Nicaragua, with its sister ALBA-countries and other members of the G77+China group, insist that adopting the principle of Historical Responsibility is the only equitable way to solve the challenge Humanity is facing. However, it is very unlikely that the developed countries will ever acknowledge either their historical or their present responsibility. To the contrary, in the most cynical and irresponsible way imaginable, the corporate elites and their political servants in North America and Europe expect to profit from temporary benefits in their own interests as a result of Climate Change’s short-term effects.
The Paris COP21 will fail because Western elites and their allies are determined to carry out their war against the impoverished majority world to the bitter end. Even if the summit does result in some agreed, face-saving formula, the wealthy elites controlling rich country economies will sabotage its implementation. That is the fundamental meaning of the sovereignty-busting Trans Pacific Partnership, the Transatlantic Trade and Investment Partnership and the Trade in Services Agreement. All are aimed at completely undermining the UN system developed since 1945 and making irrelevant the UN itself and any agreements within its framework.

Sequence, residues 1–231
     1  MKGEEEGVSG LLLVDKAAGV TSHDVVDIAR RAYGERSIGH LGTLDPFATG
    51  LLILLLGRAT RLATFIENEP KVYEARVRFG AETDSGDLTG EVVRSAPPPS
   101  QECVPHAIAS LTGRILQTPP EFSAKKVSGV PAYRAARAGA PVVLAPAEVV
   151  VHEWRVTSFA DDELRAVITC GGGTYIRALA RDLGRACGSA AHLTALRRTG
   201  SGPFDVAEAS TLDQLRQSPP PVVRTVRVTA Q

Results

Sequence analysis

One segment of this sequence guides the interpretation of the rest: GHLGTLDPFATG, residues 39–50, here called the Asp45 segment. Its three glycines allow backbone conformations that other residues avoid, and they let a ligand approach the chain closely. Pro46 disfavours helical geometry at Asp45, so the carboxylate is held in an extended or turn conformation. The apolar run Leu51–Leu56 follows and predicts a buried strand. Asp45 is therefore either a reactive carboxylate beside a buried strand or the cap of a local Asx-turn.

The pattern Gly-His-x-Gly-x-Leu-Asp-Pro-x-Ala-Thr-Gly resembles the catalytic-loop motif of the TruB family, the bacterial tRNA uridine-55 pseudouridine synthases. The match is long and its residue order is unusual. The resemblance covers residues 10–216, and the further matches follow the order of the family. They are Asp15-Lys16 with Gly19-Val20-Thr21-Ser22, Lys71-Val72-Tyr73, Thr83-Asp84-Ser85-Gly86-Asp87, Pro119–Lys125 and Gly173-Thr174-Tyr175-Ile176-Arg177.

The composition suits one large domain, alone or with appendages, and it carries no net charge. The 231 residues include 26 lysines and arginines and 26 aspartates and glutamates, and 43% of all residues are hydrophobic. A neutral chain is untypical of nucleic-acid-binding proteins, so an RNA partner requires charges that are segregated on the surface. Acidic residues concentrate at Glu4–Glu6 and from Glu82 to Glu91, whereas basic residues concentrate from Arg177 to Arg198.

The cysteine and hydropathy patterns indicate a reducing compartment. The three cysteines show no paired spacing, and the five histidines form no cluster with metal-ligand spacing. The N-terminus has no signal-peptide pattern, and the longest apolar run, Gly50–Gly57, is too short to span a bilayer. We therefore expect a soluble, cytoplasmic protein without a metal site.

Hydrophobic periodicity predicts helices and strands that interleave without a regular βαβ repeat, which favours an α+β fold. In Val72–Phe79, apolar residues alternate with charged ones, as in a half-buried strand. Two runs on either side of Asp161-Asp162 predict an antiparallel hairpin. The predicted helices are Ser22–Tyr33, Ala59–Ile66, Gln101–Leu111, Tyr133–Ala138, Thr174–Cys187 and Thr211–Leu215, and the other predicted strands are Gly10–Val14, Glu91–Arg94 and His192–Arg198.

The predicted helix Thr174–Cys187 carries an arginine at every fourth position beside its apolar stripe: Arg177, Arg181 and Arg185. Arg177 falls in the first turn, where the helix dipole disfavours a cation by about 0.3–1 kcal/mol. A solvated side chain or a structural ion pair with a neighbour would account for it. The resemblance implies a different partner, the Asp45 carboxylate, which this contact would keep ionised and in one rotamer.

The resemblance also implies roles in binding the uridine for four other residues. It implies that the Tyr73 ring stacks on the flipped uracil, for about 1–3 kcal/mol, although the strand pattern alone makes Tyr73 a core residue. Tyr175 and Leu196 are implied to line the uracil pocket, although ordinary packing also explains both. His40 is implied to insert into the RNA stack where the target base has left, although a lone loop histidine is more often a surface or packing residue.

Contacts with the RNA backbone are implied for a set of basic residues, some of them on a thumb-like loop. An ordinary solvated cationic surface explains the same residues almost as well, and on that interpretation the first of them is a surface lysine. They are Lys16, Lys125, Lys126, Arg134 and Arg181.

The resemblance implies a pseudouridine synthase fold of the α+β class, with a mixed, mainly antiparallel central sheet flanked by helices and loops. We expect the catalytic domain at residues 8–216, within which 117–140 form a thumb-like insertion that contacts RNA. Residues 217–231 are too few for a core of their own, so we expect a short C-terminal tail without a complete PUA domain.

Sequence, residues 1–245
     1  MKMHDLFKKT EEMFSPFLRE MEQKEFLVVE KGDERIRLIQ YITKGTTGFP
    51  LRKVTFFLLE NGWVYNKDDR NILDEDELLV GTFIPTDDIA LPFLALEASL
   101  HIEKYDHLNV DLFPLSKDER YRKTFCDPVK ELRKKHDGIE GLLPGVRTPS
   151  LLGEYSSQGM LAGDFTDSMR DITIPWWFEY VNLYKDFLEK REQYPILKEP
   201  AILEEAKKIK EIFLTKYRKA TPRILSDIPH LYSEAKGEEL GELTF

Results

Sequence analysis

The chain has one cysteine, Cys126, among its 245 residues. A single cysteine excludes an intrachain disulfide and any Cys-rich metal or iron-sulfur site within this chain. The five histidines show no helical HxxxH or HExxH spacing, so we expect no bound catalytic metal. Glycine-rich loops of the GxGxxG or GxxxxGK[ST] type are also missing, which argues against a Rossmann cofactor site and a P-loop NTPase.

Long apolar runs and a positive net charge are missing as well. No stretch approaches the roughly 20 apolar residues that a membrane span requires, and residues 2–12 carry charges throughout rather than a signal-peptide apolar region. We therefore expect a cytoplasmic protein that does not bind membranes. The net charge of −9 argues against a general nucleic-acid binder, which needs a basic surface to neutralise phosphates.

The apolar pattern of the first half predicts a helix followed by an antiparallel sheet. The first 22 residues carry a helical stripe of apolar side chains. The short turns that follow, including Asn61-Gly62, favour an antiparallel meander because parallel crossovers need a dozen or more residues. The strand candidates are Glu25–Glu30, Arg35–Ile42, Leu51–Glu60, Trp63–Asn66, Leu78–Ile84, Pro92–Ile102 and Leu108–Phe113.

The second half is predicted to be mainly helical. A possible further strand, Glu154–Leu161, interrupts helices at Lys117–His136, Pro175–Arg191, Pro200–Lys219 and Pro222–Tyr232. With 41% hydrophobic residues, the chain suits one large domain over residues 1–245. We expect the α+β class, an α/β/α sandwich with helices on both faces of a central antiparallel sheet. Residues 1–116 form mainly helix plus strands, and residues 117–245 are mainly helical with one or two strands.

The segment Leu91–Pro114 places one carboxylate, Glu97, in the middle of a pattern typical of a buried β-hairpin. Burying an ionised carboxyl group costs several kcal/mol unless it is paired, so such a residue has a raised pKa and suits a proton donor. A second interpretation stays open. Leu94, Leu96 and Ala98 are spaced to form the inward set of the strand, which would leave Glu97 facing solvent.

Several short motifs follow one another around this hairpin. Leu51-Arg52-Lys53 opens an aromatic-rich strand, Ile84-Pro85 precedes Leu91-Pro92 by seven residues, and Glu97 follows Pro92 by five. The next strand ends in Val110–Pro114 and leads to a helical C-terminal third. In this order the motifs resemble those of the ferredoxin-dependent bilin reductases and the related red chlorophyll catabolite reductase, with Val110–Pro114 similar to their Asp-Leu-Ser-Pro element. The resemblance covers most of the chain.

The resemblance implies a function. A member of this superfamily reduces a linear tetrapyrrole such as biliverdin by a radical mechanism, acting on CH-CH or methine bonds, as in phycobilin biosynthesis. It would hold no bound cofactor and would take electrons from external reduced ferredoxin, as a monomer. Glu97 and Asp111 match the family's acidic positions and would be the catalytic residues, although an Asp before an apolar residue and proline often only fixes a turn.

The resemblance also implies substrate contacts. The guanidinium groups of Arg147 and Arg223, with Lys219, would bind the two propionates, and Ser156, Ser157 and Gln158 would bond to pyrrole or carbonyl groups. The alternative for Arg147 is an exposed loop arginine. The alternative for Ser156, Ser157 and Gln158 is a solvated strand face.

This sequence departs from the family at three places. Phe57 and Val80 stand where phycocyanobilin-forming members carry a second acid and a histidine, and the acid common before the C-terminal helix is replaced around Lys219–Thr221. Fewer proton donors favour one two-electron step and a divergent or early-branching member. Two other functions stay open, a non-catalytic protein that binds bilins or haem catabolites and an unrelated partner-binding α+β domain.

Very, very clearly, the Western powers and their allies will never negotiate seriously, in good faith with the majority world countries on whose resources, stolen over centuries of genocidal conquest and enslavement, North American, European and allied countries accumulated their unsustainable prosperity. Only a strategic military or economic defeat is likely to stop their hypocritical and sadistic war-mongering, planet-destroying policies. The only relevant question is whether that much needed defeat will come in time to save Humanity and Mother Earth.